The Woodlawn & Pope-Leighey House historic site presents Makers In The Mansion: A Transformed African American Community at Woodlawn through the Artisan Eye, an installation in our museum areas from June - October, 2018.
Want to join us for our Exhibit Launch Reception on July 18th from 5:30 PM-8:00 PM?
RSVP at email@example.com to reserve your spot!
Woodlawn has recently embarked on an interpretation that tells the stories of all of our owners, who, throughout its history, and often through creative pursuit, expressed their views on social matters important to their time. Now, through six installations of work and a writing project by local African American artisans, we open the first door to a longer journey to broaden our interpretation of the largely unknown histories of the people who didn’t own the mansion house or property, but had a huge impact on it nevertheless.
The maker movement and the creation of handmade goods is growing in our current era, possibly as an antidote to lives bursting with new technologies and fast response. We chose to use that restored interest as a vehicle to amplify the voice of our African American community at Woodlawn who were transformed from enslaved to free between the period 1846- 1860. This is the time when Quaker families came to Woodlawn from the North, encouraged by the economic success and progressive stance of other nearby communities, such as Gum Springs, which were sprouting up as neighborhoods of farmers, freed enslaved people and immigrant workers, all working together.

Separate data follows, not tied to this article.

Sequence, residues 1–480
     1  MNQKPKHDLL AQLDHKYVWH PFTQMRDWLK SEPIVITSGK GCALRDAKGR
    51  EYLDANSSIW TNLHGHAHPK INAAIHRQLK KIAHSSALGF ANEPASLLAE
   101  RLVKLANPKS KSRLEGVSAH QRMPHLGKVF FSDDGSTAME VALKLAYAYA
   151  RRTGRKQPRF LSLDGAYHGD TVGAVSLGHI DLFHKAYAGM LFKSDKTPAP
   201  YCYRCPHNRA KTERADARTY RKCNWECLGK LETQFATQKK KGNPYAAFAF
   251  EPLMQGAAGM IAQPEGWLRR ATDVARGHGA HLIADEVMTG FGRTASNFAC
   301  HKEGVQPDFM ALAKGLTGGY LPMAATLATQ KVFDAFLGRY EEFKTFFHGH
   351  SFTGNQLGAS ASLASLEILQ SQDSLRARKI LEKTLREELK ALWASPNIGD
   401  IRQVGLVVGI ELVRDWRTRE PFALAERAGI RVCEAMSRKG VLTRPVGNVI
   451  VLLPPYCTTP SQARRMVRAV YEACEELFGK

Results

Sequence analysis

Creative response is often shaped by the way that an artisan/maker/designer sees and feels their immediate environment, and that response might also be shaped by outside influences such as politics and issues of equality, affordability and fairness. Making something is uniquely transformative, whether born out of necessity or pleasure, and these very talented and innovative artisans have been chosen to exhibit in our mansion and highlight our own transformative story here from plantation to free community.
This project is funded by the African American Cultural Heritage Action Fund of the National Trust for Historic Preservation, with support from The JPB Foundation and the Doris Duke Charitable Foundation.